Whether our life be long, or short, I hope to be by your side, as you do mine.


Their relationship was developing as they spent a lot of time together; calling on friends, playing bocce ball at The Nest, and talking about beaches at Mill House, as family and friends planned a trip for my Nana’s 22nd birthday.


On my nana Mabel’s 22nd birthday, she went to the beach with her dearest childhood friends. They spent their days frolicking in the sea, making sandcastles, and evenings going dancing in the dance hall. 

Mabel, on the far left

Mabel, standing in the middle, back row. 


Every Sunday, Michael would drive along the country roads to attend church with Mabel, and her family. They’d share the common book of prayer as the lector would read, and the hymnal as they’d sing.

After church, Michael would come to Mill House for Sunday lunch. Daisy would prepare a proper English roast, with roast beef, au jus, Yorkshire puddings, creamed potatoes with chives, copper pennies (carrots), shelled peas, and a delectable desert of rhubarb pudding (in the summer), or rhubarb pie (in the winter). 

William would take pride in having his family together, hand in hand saying grace; 

“Bless the food before us, the family beside us, and the love between us. Amen”

The table linens were off white, with an embroidered hem, carefully washed and starched to display the china, cutlery, glassware, handpicked wildflowers and food. 

The china was all handmade and hand painted, by my great-grandfather, William, who was well-known for his decades long career for the Staffordshire Pottery. His pottery is in many family homes, like Mill House, and has been passed down from generation, to generation for families to have Sunday roasts and holiday dinners.

After dinner, William and Michael retired to the rose garden in the back garden. It was there Michael asked if he could have William’s daughter’s hand in marriage and William gave his blessing. 

William Thawley, at the potter’s wheel, December 27th, 1905 - October 7th, 1980


Autumn, turned into winter, and Michael knowing he’d soon ask Mabel to be his wife rolled up his sleeves and got to work. He worked in the mines like his forefathers before him as an explosives engineer. His skill as a detonator made him invaluable to many local mining communities, thus he’d have to travel for a few days at a time for work.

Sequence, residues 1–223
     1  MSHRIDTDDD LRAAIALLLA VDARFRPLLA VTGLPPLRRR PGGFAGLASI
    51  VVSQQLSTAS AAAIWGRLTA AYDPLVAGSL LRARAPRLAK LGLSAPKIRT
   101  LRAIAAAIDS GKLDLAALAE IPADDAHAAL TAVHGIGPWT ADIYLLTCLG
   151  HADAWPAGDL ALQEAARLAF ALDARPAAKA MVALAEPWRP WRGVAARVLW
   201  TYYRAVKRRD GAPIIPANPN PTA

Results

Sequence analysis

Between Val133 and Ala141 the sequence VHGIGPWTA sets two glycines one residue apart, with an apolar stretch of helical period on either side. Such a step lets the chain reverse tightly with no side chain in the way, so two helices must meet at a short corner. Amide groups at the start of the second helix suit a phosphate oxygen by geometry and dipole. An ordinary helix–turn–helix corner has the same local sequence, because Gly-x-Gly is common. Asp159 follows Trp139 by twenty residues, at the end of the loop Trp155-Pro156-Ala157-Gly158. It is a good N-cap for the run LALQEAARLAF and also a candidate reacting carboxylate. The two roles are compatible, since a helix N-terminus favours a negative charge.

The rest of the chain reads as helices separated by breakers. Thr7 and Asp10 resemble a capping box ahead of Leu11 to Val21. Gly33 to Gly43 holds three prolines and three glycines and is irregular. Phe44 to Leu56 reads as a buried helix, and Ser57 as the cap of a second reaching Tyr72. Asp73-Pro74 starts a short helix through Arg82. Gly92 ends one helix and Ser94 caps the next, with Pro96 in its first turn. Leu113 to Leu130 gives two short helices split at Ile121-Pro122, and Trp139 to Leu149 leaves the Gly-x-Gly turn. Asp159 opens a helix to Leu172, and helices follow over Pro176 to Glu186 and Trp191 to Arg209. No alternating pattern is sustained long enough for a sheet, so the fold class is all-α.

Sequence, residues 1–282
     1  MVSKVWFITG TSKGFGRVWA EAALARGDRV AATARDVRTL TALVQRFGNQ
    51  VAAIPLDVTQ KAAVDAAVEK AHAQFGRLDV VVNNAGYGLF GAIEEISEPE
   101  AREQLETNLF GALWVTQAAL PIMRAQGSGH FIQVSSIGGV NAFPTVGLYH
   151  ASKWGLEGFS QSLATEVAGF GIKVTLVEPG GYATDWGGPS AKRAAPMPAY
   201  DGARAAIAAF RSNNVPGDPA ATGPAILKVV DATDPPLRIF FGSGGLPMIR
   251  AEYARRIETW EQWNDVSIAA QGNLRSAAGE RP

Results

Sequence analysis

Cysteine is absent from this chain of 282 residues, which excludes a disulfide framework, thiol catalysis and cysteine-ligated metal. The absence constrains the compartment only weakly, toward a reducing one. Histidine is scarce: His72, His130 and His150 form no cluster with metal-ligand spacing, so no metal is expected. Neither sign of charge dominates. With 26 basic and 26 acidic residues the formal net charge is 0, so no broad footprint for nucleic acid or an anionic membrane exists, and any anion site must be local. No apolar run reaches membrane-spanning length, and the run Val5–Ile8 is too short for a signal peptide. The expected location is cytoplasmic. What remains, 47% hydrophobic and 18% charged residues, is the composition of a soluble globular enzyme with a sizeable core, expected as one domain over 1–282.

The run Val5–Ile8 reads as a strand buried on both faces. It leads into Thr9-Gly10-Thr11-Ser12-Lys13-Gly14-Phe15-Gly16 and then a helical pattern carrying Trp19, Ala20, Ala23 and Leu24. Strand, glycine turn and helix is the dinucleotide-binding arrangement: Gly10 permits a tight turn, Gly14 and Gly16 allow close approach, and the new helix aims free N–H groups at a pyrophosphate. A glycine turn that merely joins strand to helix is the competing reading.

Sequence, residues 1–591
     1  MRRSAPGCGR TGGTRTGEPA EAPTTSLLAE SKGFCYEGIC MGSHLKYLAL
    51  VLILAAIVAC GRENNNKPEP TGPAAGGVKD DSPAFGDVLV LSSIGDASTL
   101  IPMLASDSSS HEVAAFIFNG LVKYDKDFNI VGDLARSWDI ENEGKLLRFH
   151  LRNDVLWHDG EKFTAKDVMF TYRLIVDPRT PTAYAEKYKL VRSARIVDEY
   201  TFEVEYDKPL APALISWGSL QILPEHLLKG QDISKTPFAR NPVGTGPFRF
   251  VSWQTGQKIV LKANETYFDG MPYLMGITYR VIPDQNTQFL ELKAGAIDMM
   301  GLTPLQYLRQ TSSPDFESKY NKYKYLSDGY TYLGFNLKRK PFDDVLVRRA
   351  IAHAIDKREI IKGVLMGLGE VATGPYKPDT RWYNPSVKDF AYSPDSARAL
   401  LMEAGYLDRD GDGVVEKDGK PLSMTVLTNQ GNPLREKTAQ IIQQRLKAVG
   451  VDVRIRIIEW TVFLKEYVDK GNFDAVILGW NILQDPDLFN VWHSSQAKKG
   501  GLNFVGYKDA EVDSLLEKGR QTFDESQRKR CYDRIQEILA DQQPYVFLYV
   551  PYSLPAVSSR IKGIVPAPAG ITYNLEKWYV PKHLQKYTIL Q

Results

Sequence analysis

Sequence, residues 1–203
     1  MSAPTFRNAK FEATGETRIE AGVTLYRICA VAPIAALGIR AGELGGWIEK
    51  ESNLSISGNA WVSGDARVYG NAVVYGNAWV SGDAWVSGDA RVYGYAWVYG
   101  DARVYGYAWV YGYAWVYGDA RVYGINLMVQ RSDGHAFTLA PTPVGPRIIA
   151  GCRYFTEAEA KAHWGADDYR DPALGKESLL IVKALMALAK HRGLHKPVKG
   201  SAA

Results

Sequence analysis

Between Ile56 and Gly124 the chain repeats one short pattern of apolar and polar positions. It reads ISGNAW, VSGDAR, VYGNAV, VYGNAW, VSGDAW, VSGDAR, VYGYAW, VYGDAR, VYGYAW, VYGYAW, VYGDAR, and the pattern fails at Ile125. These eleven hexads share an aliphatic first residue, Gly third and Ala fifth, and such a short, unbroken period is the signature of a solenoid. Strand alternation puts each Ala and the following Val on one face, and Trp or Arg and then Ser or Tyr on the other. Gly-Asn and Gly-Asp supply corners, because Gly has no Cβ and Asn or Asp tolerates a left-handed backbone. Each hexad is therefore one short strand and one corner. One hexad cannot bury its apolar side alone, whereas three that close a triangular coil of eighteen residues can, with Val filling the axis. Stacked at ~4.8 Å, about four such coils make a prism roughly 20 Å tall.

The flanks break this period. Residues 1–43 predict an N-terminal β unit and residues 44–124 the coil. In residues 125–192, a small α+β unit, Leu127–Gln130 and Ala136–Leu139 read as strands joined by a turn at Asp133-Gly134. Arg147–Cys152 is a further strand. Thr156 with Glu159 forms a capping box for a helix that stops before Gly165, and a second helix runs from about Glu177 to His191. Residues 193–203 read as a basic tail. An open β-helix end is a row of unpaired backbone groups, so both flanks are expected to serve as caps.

Once Michael had saved enough, he asked his mother, Betty May, and younger sister, Wendy to help him pick out a ring – the ring he’d ask for Mabel’s hand in marriage. 

They picked out an 18K gold band with a .61 old mine cut diamond set in 8 prongs, and inside it was engraved MT with love MB. He placed the ring box in his mother’s jewelry box, until the magical night he proposed.


Christmas was my nana’s favorite holiday. Every year growing up her family would bake gingerbread cake and embroider tea towels to gift their family, friends, and neighbors. They would go to her paternal grandparents, Arthur and Ada Thawley's home to cut a fresh pine tree and decorate it with handmade gingerbread biscuits tied on with plaid ribbons. 

One year at church she shared how she always wanted to be a primary school teacher, so every year thereafter they’d ask her to help with the children’s production of A CHRISTMAS STORY. She’d cast all the Sunday school children and together with her mother, Daisy, and younger sister, Barbara they’d make an array of costumes.